Thursday, 14 October 2004

Check up on it

…or check it out. Americans use more prepositions than we do; our own consumption is increasing but we still sometimes just check something. And we wash where they wash up. Or rather, when we wash up we mean what they call doing the dishes.

The authoritative Oxford Companion to Food deals at some length with this chore in an entry, not intended to be taken very seriously, which appears between the entries for Washington Clams and Wasps (the latter is included in this book about food because Australian Aborigines eat their larvae and the Japanese of Nagano eat their pupae).
It goes as follows:
Washing up has in most cultures been seen as an activity which is not an intrinsic part of preparing, cooking, and consuming food. Nor has it been highly regarded, although the truth is that it is a skilled business calling for a natural aptitude, a discriminating attitude to the various means available, and considerable practice. However, the idea that it is somehow separate from the meal is the greater and more pervasive error.


A better way of regarding it is as the climax of the whole cycle (gathering, preparation, cooking, eating) and as a piece of ritual which should have engaged the attention of anthropologists and the like to a much greater extent than the questions which have tended to preoccupy them such as whether food is boiled or roasted. The purification of the utensils has to be the final, culminating stage of any meal, the stage which in effect sets the scene for the next meal and permits life’s processes to continue.


It follows from this that the choice of person to do the washing up is no light matter, and that the person or persons chosen should be viewed as having a privilege. Whether they use traditional techniques or harness modern machinery to help them is immaterial; the responsibility has been given to them, and the honour of praise for a job well done awaits them.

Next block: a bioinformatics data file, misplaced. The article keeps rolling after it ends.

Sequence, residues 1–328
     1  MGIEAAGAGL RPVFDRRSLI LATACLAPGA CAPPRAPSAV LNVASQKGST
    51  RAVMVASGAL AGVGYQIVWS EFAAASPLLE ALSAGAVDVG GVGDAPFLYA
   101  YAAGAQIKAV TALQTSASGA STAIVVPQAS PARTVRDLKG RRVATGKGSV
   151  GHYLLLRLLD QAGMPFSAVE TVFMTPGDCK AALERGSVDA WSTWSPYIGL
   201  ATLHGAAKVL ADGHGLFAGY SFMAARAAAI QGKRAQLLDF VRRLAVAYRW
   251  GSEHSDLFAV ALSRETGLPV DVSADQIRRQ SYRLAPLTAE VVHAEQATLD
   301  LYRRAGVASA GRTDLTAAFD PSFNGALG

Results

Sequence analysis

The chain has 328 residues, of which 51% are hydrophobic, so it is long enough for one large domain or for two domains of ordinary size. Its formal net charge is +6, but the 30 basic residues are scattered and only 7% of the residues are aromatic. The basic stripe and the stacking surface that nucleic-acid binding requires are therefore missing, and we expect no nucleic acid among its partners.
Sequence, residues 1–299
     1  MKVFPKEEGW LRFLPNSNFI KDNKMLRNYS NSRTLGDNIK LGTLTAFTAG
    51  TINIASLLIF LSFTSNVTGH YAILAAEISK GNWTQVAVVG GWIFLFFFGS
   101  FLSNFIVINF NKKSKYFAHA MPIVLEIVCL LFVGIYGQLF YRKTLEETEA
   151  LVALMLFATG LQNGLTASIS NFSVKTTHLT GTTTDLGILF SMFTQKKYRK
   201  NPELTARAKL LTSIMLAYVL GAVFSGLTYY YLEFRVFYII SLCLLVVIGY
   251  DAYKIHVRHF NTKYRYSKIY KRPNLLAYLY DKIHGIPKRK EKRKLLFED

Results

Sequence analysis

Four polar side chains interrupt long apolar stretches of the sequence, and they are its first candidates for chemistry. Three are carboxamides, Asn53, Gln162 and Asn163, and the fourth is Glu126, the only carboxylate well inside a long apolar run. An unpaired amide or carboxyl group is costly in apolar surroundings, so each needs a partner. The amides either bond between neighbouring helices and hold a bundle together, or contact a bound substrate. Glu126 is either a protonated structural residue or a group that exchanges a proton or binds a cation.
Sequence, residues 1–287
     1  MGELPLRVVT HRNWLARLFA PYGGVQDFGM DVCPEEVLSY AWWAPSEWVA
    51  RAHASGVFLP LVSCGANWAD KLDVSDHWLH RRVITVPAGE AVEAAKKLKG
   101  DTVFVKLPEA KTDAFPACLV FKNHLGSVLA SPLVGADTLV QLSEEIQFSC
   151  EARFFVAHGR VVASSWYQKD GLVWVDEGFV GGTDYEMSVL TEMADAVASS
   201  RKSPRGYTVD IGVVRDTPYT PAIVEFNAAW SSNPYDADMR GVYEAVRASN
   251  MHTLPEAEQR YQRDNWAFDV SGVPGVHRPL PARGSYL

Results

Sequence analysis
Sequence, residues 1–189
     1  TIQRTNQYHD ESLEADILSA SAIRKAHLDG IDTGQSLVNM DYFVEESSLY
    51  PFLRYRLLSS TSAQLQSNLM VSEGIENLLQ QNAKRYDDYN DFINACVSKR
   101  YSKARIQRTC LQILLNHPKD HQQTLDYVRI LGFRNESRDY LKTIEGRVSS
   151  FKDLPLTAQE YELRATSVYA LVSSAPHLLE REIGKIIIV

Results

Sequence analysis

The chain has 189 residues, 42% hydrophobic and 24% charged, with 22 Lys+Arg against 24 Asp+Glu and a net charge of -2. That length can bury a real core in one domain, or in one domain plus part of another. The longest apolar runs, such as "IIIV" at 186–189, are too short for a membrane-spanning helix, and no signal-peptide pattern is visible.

The sight of a washer-up standing, dominant, at the sink while the other celebrants of the meal, typically, loll in chairs recalls irresistibly the similar scenes enacted so often in places of worship – the priest standing before the altar, the congregation seated, the timeless ritual unfolding for the thousandth time but charged with as much significance as on the first. As the utensils begin to emerge in pristine purity, as the dancing mop-head and caressing linen cancel out any recollections of the grosser aspects of appetite and eating, even the proudest shoppers and cooks, exalted by witnessing the true climax of the meal, must acknowledge the precedence of these acts of completion.


I guess the author, Alan Davidson, after twenty years of work writing the book, felt as he neared the end that he could relax and include this tongue-in-cheek item.

4 comments:

PerfectlyVocal said...

"It follows from this that the choice of person to do the washing up is no light matter"

I had a friend (male, of course) who insisted that women typically had smaller feet than men so that they could stand nearer to the sink, and were obviously the better choice to do the washing up.

I suppose that "and the honour of praise for a job well done awaits them." is some small consolation.

Tony said...

Brilliant!

ruth said...

But when Americans 'check' something, it means something different. Like a coat, for example, into the cloakroom, where the coat-check girl or guy will give you a check stub. Or it's part of the checks-and- balances type of thing. When they check out, of course, they expect a bill, unless checking out of life itself, when the family may have to foot the bill.

Tony said...

Yes indeed, Ruth, thank you.
I find it slightly frustrating that your name link doesn't go anywhere. Not important, really, just idle curiosity wondering whether you are a senior professor of English at Harvard or a first-year student in the American Culture Program at Vassar.
Regards, anyway.
P.S. Or, of course, a Sergeant Major of the Marine Corps.